Exporting Data From a VMware vSphere Environment For Fun And Profit

In this post we will see how we can export data from a VMware vSphere environment from the command-line and then plot some nice graphs of it, because everybody loves graphs, right? :)

For exporting of data from a VMware vSphere environment we are going to use vPoller - VMware vSphere Distributed Pollers and for plotting of the graphs we will be using matplotlib.

For installation and configuration of vPoller please refer to the vPoller Github repository which contains all the details you need in order to get vPoller installed and configured.

So, without further ado let's start with the interesting stuff.

Using vPoller we can export data in various formats using the vPoller Helpers. Example of such a helper is the vpoller.helpers.csvhelper which returns data in CSV format, which makes it easy for us to then use that data for plotting graphs.

Let's first check the overall CPU usage of our ESXi hosts from our vSphere environment:

$ vpoller-client -m host.discover -p summary.quickStats.overallCpuUsage -V vc01.example.org
{
    "msg": "Successfully discovered objects", 
    "result": [
        {
            "summary.quickStats.overallCpuUsage": 7065, 
            "name": "esx-1"
        }, 
        {
            "summary.quickStats.overallCpuUsage": 12383
            "name": "esx-2"
        }, 
        {
            "summary.quickStats.overallCpuUsage": 3945, 
            "name": "esx-3"
        }, 
        {
            "summary.quickStats.overallCpuUsage": 4776, 
            "name": "esx-4"
        },
        {
            "summary.quickStats.overallCpuUsage": 4638, 
            "name": "esx-5"
        },
        {
            "summary.quickStats.overallCpuUsage": 8520, 
            "name": "esx-6"
        },
        {
            "summary.quickStats.overallCpuUsage": 10001, 
            "name": "esx-7"
        },
        {
            "summary.quickStats.overallCpuUsage": 2481, 
            "name": "esx-8"
    },
        {
            "summary.quickStats.overallCpuUsage": 5064, 
            "name": "esx-9"
    },
    ], 
    "success": 0
}

The result returned by default from vPoller is in JSON format. In order to convert this result to CSV we will use the vpoller.helpers.csvhelper helper. Let's do that now:

$ vpoller-client -H vpoller.helpers.csvhelper -m host.discover -p summary.quickStats.overallCpuUsage -V vc01.example.org
name,summary.quickStats.overallCpuUsage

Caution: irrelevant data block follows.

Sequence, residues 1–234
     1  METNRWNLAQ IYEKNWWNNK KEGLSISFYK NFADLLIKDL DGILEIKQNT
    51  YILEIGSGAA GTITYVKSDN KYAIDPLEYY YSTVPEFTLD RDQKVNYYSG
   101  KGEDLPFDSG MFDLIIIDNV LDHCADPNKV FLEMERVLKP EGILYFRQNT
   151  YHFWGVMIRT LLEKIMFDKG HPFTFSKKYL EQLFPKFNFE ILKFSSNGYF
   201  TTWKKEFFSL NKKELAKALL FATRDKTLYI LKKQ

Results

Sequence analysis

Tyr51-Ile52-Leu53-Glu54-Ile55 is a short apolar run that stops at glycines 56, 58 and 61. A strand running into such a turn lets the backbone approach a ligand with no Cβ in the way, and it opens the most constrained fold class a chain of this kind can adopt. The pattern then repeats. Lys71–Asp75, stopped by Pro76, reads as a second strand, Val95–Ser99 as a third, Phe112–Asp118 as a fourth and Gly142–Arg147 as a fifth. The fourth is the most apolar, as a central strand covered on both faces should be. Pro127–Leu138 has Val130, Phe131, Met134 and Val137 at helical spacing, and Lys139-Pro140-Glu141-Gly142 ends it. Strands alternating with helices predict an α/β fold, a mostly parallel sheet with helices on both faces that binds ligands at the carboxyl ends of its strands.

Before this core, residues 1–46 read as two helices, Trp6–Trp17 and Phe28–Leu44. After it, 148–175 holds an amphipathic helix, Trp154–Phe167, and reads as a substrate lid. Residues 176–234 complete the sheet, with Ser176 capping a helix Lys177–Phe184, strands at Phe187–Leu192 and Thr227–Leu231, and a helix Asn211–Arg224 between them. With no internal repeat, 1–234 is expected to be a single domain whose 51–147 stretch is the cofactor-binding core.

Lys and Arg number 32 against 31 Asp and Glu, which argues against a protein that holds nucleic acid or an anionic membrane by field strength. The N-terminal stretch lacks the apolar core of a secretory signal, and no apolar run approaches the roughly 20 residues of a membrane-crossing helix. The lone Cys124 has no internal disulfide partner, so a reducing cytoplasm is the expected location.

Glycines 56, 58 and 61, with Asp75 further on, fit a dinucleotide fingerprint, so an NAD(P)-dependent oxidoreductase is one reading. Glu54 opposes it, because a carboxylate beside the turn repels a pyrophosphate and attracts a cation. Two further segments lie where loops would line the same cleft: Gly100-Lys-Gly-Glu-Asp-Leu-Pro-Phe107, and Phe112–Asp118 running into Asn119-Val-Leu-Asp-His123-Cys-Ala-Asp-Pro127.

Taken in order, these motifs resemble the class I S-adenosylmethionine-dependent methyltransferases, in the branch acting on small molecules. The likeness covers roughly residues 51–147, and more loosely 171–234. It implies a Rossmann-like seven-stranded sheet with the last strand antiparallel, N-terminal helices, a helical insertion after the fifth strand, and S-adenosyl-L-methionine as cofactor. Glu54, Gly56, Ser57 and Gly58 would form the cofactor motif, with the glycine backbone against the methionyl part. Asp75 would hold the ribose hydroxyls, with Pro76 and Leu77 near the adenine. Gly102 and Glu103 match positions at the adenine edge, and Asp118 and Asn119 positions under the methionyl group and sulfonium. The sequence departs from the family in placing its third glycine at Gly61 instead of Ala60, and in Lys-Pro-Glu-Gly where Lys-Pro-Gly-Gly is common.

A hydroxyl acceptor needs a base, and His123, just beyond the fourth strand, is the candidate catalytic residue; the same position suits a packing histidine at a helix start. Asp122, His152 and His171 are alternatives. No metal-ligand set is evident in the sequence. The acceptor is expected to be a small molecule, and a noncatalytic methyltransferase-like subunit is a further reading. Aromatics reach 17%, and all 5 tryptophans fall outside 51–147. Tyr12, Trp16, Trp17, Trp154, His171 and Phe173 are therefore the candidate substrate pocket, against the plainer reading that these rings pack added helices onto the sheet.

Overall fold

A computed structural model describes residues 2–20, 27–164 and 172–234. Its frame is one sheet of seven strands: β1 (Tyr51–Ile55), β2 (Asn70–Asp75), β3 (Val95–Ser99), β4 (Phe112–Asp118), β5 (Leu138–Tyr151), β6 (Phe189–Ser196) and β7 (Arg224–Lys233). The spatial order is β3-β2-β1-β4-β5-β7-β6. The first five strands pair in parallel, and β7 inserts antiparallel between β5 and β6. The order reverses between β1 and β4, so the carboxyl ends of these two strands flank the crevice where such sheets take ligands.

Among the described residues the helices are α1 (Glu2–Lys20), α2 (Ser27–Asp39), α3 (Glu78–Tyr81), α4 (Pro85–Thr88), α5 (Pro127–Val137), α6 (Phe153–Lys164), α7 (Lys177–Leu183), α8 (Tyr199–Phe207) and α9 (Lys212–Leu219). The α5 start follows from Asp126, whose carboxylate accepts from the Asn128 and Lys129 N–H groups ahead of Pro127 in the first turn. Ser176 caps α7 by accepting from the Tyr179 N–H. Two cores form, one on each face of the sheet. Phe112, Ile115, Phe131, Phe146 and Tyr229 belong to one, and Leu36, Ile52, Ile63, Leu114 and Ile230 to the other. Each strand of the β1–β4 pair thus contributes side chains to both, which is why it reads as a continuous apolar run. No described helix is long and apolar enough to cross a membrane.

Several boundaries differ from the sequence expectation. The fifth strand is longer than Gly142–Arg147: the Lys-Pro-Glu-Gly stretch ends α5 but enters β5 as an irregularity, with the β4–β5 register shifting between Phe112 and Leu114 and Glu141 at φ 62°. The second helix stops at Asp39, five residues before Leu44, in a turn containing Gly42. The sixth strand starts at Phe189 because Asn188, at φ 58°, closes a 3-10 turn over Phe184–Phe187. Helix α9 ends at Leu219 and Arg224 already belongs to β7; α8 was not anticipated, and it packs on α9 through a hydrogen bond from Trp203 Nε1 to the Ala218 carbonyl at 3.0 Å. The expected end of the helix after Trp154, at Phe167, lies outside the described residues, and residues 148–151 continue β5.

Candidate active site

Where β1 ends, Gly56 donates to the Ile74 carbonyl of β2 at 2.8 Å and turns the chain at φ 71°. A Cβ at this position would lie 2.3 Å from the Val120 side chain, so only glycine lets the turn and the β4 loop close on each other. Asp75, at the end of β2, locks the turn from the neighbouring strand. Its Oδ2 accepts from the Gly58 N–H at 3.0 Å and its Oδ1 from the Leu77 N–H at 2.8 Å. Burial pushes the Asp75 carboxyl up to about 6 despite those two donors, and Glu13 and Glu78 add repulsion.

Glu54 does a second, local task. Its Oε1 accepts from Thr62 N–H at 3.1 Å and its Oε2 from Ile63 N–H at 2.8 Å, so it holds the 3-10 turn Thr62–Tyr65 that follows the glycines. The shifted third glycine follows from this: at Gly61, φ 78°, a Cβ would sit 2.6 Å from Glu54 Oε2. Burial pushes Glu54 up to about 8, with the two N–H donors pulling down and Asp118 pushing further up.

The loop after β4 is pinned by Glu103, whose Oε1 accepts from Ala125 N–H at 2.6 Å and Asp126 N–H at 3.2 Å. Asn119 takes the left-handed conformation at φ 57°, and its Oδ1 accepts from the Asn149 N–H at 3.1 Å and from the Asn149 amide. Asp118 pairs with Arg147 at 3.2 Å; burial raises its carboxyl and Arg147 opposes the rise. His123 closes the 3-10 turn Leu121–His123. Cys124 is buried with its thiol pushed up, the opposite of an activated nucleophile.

esx-1,7065
esx-2,12383
esx-3,3945
esx-4,4776
esx-5,4638
esx-6,8520
esx-7,10001
esx-8,2481
esx-9,5064

We would also want to save this data in a file somewhere, so later we can use it to plot our graph of overall CPU usage.

$ vpoller-client -H vpoller.helpers.csvhelper -m host.discover -p summary.quickStats.overallCpuUsage -V vc01.example.org > hosts-cpu-usage.csv

Great, we've just exported the overall CPU usage of our ESXi hosts, but that is just some raw data.

The following script uses matplotlib in order to plot the graph for us.

#!/usr/bin/env python

import numpy as np
from matplotlib import pyplot as plt

def main():
    data = np.genfromtxt(
        fname='hosts-cpu-usage.csv',
        delimiter=',',
        dtype=None,
        skip_header=True
    )

    hosts = [row[0] for row in data]
    usage = [row[1] for row in data]

    index = np.arange(len(data))
    width = 0.85

    plt.xlabel('ESXi Host')
    plt.ylabel('MHz')

    plt.title('Overall CPU Usage')
    plt.xticks(index + width / 2.0, hosts, rotation=45)

    plt.bar(index, usage, width, color='y')
    plt.savefig('esx-cpu-usage.png', bbox_inches='tight')

if __name__ == '__main__':
    main()

And here is the result from our script:

_config.yml

Wait, it would be really usefuly if could see what is the CPU usage compared to our total CPU resources. Can we do that?

Sure, we can!

But first let's export some additional properties from our vSphere environment:

$ vpoller-client -H vpoller.helpers.csvhelper -m host.discover -p summary.quickStats.overallCpuUsage,hardware.cpuInfo.numCpuCores,hardware.cpuInfo.hz -V vc01.example.org > hosts-cpu-usage-2.csv

The command above will export the following information about our ESXi hosts:

  • Number of CPU cores
  • CPU speed per core
  • Overall CPU usage

This is the data we've just exported from our VMware vSphere environment using vPoller:

hardware.cpuInfo.hz,hardware.cpuInfo.numCpuCores,name,summary.quickStats.overallCpuUsage
2800098945,8,esx-1,7065
2800098378,8,esx-2,12383
2800098399,12,esx-3,3945
2800098483,12,esx-4,4776
2800099092,8,esx-5,4638
2800098504,8,esx-6,8520
2800098903,16,esx-7,10001
2800098252,16,esx-8,2481
2800098399,8,esx-9,5064

Now we can plot our graph which shows the overall CPU usage compared to the total CPU resources we have:

#!/usr/bin/env python

import numpy as np
import matplotlib.pyplot as plt

def main():
    data = np.genfromtxt(
        fname='hosts-cpu-usage-2.csv',
        delimiter=',',
        dtype=None,
        skip_header=True
    )

    cpu_speed = [row[0] / 1000000.0 * row[1] for row in data]
    cpu_usage = [row[3] for row in data]
    hosts     = [row[2] for row in data]

    index = np.arange(len(data))
    width = 0.85

    plt.xlabel('ESXi Host')
    plt.ylabel('MHz')

    plt.title('CPU Usage')
    plt.xticks(index + width / 10.0, hosts, rotation=45)

    p1 = plt.bar(index, cpu_speed, width, color='g')
    p2 = plt.bar(index, cpu_usage, width, color='y')

    plt.legend(('CPU Speed', 'CPU Usage'), loc='center left', bbox_to_anchor=(1, 0.5))

    plt.savefig('esx-cpu-usage-2.png', bbox_inches='tight')